On Being Enough: An Open Musing (Part 1)
“Oh my God, you need so much help.”
This is the number one thing people love to hear when they’re picking out outfits, especially when it’s for a first date. This is a fact that has been proven by science.
I can attest to the truth of this, as it was this exact phrase I was met with when soliciting opinions on how to dress prior to meeting someone at my favorite local coffee shop.
Prior to that point, I was asking from a place of indecision. Now my request carried higher stakes, calling into question my taste levels: my conception of something that was a mix of tasteful and polished without being boring or too try-hard was clearly a complete misfire.
Later that night, I went online to freshen up my wardrobe, thinking it had been a while since I last bought something new for myself.
Scanning through the outlet sites of brands I’d shopped frequently over the years to no avail, a second thought inserted itself into my consciousness, reminding me that these were brands on which the sun had set in terms of wide appeal.
I was forced to confront the idea that — as someone who held himself to be at least somewhat well-dressed — I no longer had the faintest clue of what it meant to be fashionable in 2017.
And so for the first time, I found myself checking out Stitch Fix. I balked at the premise that someone could be so busy as to surrender such a means of self-expression either to a person or an algorithm — surely nothing they picked could capture my need for clothing with personality — yet here I electronically stood, seeking social acceptance via mode.
It’s not unlike findings from Spotify about “musical midlife crises”, in which middle-aged adults reintroduce pop music to their musical diet in order to recapture a sense of youth. Or more personally, my abdication of dressing comfortably in favor of head-to-toe Hollister when I made the jump from a small private school to public high school, desperate to camouflage myself as one of the cool kids.
(The ruse was up almost immediately; geometry proofs were far more fun for me than I’d care to admit.)
How could a single comment make such waves in my life? Surely I’d matured a bit over the course of 10+ years.
I would credit such an outsized reaction as adding to a larger set of internal questions poking at my insecurity, including but not limited to:
· Am I intelligent enough?
· Am I interesting enough?
· Am I well-spoken enough?
· Am I attractive enough?
· Am I talented enough?
· Am I special enough?
To which “am I well-dressed enough?” was added. From this,
It’s clear that the focus around which my anxieties swirl is a question of worthiness; of whether I am enough.
Left unanswered, these questions can contribute to an anxiety that eats away at self-esteem until a tipping point similar to the one I experienced is reached. Left unchallenged, these questions can dominate our thoughts, emotions, actions and lives.
In Rising Strong, Brené Brown defines our gut-reaction answers to these types of questions as our own Shitty First Draft (or, when teaching these concepts to younger audiences, our Stormy First Drafts).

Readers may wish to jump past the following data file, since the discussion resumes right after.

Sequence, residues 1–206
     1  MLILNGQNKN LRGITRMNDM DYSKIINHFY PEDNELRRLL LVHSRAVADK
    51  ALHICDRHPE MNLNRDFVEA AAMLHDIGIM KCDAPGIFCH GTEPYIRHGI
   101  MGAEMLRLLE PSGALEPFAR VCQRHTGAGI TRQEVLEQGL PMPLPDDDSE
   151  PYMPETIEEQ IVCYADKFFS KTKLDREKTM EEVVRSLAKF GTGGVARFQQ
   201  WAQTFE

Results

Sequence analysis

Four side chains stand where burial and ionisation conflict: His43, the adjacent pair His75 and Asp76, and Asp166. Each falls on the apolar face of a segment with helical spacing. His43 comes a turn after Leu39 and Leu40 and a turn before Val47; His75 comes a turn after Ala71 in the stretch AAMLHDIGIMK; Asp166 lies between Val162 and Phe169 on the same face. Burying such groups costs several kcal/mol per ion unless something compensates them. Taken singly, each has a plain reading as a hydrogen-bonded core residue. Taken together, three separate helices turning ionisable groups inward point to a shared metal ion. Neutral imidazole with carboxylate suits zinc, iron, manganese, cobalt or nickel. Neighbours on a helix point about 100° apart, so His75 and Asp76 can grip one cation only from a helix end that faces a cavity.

It’s important to note that these thoughts are first drafts, and similar to an essay in college, accepting the first draft as a final product is more often than not detrimental.
In the same way that editing can be a drag, so too is often what between point A and point B.
On a related note, in Rising Strong, Brown states her admiration for a quote by Theodore Roosevelt:
“It is not the critic who counts; not the man who points out how the strong man stumbles, or where the doer of deeds could have done them better. The credit belongs to the man who is actually in the arena, whose face is marred by dust and sweat and blood; who strives valiantly; who errs, who comes short again and again, because there is no effort without error and shortcoming; but who does actually strive to do the deeds; who knows great enthusiasms, the great devotions; who spends himself in a worthy cause; who at the best knows in the end the triumph of high achievement, and who at the worst, if he fails, at least fails while daring greatly, so that his place shall never be with those cold and timid souls who neither know victory nor defeat.”
A lovely quote, to be sure. But what does it mean as it pertains to our feelings of worth?
In this case, Roosevelt’s quote refers to a willingness to live boldly, accepting the necessary risks and potential pitfalls that come with doing so to have the chance at finding achievement and fulfillment beyond that which marginal.
It’s through this willingness that we find ourselves on the top pedestal of the podium, or commanding the spotlight, or receiving accolades for our marvelous triumphs.
But there is an inherent permission that must be granted to ourselves in order to find this success. It’s to recognize that shortfalls are inevitable, and that getting knocked down is most likely going to be an unpleasant experience.
This is fine. This should not surprise us; indeed, we should expect ourselves to stumble and do our best to ready ourselves for the sting that follow. This type of anticipation is what keeps us pushing forward humanly, rather than allowing adversity to derail our dreams or deluding ourselves into believing that we feel no pain or disappointment from coming up short.
When we realize coming up short is endemic to pursuing our dreams and goals, it provides the liberty to do so wholeheartedly — the misfires aren’t because we’re not enough, it’s because they’re a fact of life.